Yes, it is hard knowing what the best answer is to the question 'How many children do you have?" when you are a bereaved parent. I think that's one of the hardest questions to deal with. Yes, our answers can cause embarrassment. If we were more comfortable as a society with death and loss perhaps we wouldn't have so many problems talking about such things.

      Thank you for stopping by and commenting!

  3. Hi Sue,

    I've seen this pride in family size among those of us who are open to life and I've been tempted (guilty?) myself. Being grateful for whatever blessings we receive is different to taking a vain pride in them, isn't it?

    God bless:-)

    1. Vicky,

      Yes, I think there are two sorts of pride when we are considering our family size. We can look at our children as ours by right and feel clever about producing them. Or we can full of awe over what God has given us and want to share His goodness.

      God bless!

  4. Hi Sue,
    Maybe I've got this all wrong! My understanding is that God wants us to be open to life, and when He accepts this openness and gives us another child then this is a blessing. I am proud of my family's size because it shows not only our openness to life but that God has accepted that openness and blessed us abundantly. (See CCC 2373)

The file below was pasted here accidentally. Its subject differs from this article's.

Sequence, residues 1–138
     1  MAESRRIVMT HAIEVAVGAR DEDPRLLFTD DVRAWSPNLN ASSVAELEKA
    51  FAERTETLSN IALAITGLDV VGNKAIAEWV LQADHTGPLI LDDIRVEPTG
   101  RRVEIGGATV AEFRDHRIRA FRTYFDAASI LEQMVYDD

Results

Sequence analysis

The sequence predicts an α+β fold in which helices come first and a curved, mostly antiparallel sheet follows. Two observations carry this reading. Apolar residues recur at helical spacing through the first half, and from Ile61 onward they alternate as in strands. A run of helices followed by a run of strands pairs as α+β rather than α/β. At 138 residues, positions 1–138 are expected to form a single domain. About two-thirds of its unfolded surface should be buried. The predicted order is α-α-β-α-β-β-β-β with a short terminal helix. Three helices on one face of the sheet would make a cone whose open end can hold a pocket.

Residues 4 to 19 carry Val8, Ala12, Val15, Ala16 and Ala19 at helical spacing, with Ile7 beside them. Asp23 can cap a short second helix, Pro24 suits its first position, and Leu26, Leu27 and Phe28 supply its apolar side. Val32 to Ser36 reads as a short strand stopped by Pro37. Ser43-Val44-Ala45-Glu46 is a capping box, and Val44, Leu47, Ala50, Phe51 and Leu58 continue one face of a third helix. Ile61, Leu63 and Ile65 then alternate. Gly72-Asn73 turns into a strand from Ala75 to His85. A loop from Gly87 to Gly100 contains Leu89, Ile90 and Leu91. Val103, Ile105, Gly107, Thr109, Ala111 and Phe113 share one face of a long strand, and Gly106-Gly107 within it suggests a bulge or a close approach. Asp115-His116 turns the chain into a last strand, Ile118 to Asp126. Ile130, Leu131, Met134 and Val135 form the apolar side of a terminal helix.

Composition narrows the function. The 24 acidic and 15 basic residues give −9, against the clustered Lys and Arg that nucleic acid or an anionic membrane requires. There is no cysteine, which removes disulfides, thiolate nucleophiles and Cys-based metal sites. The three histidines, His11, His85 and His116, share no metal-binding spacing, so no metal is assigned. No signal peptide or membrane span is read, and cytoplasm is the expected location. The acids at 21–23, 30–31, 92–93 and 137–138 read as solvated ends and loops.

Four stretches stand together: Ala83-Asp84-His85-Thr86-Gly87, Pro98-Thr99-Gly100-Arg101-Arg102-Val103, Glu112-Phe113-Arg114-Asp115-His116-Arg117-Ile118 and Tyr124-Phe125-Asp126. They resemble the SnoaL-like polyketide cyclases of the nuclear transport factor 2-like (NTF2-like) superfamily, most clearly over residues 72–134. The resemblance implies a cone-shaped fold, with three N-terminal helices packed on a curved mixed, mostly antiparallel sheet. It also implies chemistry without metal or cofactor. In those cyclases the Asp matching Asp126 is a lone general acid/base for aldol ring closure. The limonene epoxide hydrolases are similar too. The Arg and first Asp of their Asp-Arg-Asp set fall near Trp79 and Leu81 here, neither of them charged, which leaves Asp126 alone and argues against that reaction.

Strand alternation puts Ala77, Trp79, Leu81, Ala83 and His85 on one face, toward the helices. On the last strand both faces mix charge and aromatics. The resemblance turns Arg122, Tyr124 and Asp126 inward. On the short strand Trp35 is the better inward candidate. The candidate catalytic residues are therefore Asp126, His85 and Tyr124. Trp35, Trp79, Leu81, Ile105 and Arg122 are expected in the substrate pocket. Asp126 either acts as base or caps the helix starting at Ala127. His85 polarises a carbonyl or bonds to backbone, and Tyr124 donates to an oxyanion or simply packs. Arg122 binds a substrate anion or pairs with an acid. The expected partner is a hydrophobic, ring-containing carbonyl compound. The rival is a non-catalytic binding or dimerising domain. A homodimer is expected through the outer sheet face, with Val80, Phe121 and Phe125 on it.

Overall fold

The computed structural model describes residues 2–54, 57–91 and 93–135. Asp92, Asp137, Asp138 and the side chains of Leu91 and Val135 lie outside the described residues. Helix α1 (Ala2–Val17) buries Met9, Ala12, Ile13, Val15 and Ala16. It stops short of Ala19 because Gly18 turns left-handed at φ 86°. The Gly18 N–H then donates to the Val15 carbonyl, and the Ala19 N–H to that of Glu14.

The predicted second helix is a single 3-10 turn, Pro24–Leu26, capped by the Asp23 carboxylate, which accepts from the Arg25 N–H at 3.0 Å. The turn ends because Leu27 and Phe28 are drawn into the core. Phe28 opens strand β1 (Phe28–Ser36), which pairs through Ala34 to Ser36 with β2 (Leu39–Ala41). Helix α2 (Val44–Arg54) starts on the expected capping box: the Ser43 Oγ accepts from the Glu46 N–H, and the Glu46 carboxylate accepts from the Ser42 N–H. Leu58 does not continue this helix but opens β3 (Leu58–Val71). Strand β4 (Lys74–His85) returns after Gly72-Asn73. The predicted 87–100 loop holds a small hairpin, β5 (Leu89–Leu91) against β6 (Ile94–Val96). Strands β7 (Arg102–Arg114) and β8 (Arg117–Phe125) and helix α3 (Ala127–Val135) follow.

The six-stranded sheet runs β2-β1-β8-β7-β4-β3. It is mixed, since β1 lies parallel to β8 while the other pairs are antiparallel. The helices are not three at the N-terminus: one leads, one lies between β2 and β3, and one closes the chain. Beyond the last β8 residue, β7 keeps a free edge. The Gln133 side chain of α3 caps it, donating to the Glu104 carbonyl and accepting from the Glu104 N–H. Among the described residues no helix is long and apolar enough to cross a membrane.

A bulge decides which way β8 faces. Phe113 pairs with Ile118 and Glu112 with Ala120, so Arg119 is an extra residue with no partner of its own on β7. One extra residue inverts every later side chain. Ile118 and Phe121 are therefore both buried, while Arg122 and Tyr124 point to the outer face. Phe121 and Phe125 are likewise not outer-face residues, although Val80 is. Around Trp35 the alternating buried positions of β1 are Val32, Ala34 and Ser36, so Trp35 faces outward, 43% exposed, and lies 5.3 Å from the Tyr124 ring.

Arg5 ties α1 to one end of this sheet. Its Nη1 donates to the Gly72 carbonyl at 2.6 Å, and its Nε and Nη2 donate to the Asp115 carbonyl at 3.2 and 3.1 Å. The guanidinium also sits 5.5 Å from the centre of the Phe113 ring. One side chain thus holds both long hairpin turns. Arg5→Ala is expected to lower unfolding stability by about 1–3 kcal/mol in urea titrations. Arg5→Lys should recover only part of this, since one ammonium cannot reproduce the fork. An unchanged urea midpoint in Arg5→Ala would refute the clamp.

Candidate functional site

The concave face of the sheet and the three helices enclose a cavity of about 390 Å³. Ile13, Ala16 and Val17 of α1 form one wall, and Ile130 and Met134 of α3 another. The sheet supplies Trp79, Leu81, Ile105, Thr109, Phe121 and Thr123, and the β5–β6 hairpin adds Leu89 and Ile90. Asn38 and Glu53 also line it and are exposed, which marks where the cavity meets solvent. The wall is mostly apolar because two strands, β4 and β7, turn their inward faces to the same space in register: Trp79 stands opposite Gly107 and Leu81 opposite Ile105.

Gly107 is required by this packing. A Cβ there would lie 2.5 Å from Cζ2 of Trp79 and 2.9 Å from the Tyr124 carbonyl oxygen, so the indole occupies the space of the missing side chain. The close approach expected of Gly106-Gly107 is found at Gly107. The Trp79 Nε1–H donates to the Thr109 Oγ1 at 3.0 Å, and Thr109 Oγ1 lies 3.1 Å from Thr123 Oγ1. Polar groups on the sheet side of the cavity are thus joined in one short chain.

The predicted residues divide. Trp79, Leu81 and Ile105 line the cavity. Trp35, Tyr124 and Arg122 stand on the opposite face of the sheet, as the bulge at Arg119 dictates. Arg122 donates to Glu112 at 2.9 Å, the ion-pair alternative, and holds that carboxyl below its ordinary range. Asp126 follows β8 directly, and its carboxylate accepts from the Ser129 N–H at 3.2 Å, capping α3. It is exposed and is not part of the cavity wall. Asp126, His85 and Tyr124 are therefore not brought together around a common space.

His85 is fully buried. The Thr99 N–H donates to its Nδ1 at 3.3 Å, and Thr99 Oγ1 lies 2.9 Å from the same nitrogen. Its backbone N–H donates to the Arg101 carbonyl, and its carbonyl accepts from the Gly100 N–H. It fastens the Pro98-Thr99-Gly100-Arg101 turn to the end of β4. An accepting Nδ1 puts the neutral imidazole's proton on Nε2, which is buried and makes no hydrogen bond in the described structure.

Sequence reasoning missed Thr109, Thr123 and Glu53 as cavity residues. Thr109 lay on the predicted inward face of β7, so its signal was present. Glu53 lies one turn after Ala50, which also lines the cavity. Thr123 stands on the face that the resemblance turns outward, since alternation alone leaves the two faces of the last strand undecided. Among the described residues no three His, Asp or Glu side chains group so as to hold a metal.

The size of my family is part of who my family is. Just like my being married is part of who I am. My job, however, is just what I do to provide for my family and I make a point of not asking other men what job they do when I meet them.
    Do I judge those with smaller families? How can I! I have no idea whether their family size is because of lack of openness , lack of blessings or both, short lived blessings or a multitude of other ‘just’ reasons. (This is not saying that the temptation to judge is not there!)
    When I am asked how many children do I have, what do I answer? 7 or 9. It depends on who and when they ask me. I know I have 9 and I also know there is no problem with saying 7 when appropriate. My little 2 will not be offended.
    Yes we need to remember that the children we have are blessings and not medals to wear vainly. It is not a competition about who has the most children, but whether we have been open to the children God wanted to send us.

    1. Gerard,

      You are not wrong. Yes, every child is a blessing and we should share God's goodness in giving us those children with everyone. I am not disagreeing.